A NASA programme manager confirms aluminium-lithium remains the favoured material to serve as the primary structure for the Orion crew module despite an ongoing, two-year programme to develop a mostly composite alternative.
A switch to a relatively unknown structural material would force NASA to invest in a risky and uncertain certification programme in order to fly a human-rated habitation module in space, says Mike Kirsch, programme manager for the composite crew module programme.
"We don't have that much experience certifying composites," Kirsch says. "So there is some uncertainty in scoping the amount that's required to certify this."
Some NASA officials, including former administrator Michael Griffin, promoted composite materials as a potentially superior materials technology compared to even advanced metal alloys, such as aluminium-lithium.
These supporters launched the composite crew module programme for NASA and its contractors to gain practical experience designing and manufacturing the technology for a human-rated spacecraft.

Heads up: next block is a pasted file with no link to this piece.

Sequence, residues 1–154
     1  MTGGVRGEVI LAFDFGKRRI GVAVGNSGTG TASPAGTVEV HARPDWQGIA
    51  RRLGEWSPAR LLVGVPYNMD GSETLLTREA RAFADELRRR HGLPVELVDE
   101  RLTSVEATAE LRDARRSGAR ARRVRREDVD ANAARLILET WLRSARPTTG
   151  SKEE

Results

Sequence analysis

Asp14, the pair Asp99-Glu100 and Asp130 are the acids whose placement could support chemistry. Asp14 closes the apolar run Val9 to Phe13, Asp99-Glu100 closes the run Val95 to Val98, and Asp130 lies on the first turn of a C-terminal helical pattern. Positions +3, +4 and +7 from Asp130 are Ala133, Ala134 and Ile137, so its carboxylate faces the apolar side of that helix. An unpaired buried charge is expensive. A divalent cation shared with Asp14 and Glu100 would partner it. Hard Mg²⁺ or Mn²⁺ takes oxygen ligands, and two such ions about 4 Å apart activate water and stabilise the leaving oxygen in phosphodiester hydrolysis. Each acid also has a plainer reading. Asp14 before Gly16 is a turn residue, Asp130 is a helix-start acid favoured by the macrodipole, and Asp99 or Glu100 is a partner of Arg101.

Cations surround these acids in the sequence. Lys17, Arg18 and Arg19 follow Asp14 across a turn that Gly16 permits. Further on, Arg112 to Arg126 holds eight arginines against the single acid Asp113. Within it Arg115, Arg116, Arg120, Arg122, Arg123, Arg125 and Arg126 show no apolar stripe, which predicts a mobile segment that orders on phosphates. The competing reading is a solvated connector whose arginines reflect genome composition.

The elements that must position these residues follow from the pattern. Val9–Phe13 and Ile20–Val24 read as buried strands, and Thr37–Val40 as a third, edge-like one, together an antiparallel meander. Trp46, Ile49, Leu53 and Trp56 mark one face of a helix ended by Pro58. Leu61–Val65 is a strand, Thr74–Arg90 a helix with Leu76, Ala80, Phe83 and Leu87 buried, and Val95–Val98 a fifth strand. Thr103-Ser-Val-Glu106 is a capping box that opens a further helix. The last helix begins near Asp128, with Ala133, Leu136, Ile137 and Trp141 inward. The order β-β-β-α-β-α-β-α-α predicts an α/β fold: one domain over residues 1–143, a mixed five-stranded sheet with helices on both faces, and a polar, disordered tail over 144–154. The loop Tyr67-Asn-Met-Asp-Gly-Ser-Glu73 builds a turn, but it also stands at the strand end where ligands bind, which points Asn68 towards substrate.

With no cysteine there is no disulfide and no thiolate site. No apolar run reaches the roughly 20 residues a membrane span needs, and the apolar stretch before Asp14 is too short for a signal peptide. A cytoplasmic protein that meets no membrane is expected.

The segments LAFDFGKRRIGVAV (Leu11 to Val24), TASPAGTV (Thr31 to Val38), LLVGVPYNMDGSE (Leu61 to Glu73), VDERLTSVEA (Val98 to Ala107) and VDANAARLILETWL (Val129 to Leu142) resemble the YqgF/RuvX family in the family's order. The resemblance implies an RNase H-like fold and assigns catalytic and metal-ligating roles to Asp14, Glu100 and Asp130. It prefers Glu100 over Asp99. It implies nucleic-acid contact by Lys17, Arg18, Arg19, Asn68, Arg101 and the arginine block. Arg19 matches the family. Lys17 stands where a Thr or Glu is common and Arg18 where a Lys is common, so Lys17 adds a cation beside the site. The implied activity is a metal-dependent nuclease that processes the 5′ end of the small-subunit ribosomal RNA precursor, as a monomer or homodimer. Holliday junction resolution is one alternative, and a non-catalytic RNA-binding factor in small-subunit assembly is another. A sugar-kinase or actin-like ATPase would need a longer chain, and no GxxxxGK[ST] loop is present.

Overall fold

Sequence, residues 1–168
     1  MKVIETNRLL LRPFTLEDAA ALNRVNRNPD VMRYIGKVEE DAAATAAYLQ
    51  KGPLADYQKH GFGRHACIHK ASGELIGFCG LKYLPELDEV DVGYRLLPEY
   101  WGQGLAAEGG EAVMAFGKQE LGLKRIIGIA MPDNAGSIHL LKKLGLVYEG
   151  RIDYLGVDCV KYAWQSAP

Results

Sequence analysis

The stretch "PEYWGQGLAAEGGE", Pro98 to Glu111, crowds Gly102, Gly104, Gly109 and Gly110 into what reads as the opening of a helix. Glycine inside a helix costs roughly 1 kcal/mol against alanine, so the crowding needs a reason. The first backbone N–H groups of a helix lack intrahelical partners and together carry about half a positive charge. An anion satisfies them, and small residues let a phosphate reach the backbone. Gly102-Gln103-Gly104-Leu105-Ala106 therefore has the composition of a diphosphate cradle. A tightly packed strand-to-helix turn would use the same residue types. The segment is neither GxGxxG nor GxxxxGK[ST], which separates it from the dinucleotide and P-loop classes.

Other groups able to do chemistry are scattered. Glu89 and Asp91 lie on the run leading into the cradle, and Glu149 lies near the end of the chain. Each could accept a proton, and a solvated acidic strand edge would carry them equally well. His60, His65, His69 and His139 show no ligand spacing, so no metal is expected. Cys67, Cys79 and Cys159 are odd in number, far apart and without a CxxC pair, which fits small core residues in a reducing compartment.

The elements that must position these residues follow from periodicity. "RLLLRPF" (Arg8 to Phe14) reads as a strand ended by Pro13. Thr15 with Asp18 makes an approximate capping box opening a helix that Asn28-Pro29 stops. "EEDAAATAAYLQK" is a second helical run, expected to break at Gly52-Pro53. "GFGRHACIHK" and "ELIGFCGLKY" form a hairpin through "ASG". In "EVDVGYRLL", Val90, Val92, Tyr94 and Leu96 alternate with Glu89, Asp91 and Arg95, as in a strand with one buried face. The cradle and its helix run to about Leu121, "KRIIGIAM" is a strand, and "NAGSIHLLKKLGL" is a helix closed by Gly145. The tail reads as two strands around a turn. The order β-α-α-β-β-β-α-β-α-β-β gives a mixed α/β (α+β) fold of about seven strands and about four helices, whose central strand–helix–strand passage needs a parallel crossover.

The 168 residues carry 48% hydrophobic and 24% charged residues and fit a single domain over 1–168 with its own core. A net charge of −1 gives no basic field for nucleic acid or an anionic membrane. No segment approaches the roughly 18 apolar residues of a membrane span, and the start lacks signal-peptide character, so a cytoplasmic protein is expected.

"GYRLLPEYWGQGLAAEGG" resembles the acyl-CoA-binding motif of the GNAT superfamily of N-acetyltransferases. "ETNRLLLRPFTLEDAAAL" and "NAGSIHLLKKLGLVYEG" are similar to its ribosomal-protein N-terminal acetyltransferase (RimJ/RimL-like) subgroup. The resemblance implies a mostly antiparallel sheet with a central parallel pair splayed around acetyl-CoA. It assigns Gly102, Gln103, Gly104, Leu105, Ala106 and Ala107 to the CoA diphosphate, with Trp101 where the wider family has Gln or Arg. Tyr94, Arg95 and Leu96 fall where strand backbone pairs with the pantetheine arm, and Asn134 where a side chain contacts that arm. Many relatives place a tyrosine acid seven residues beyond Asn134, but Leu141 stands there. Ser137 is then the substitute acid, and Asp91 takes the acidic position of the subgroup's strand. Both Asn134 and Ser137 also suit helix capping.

Last year, Michael Saemisch, a Lockheed Orion team member, blamed the composite programme for delaying the preliminary design review of the aluminium-lithium Orion module by several months.
Composites technology has gained widespread use in the aerospace sector as a stronger material than aluminium that can also be lighter and less expensive to manufacture.
By many measures, the composite crew vehicle designed and manufactured by NASA and an industry team led by ATK has been a success. ATK's composites plant in Iuka, Mississippi, delivered the module to the NASA Langley Research Center on 11 September, says Steve Summitt, ATK's programme manager.
In pressure tests to date, the module has performed "scary close" to analytical predictions, Kirsch says. Structural testing is scheduled to continue until the end of the year.
But the design process also revealed unexpected weaknesses for composites technology. The final design weighs about the same as aluminium-lithium, and is not significantly cheaper, Kirsch says. "I don't think it would be better," he adds.
The NASA design assumed the pressurised structure must remain leak-proof and intact despite sustaining heavy damage, he says. This design requirement added bulk to the structure, negating some of the weight-savings normally expected with composites.
Moreover, the crew module must sustain 31,751kg (70,000lb) loads during the abort sequence, requiring a material that remains strong against loads from multiple directions, whereas composite material is best when needed to be stiff against loads coming from only one direction, Kirsch says.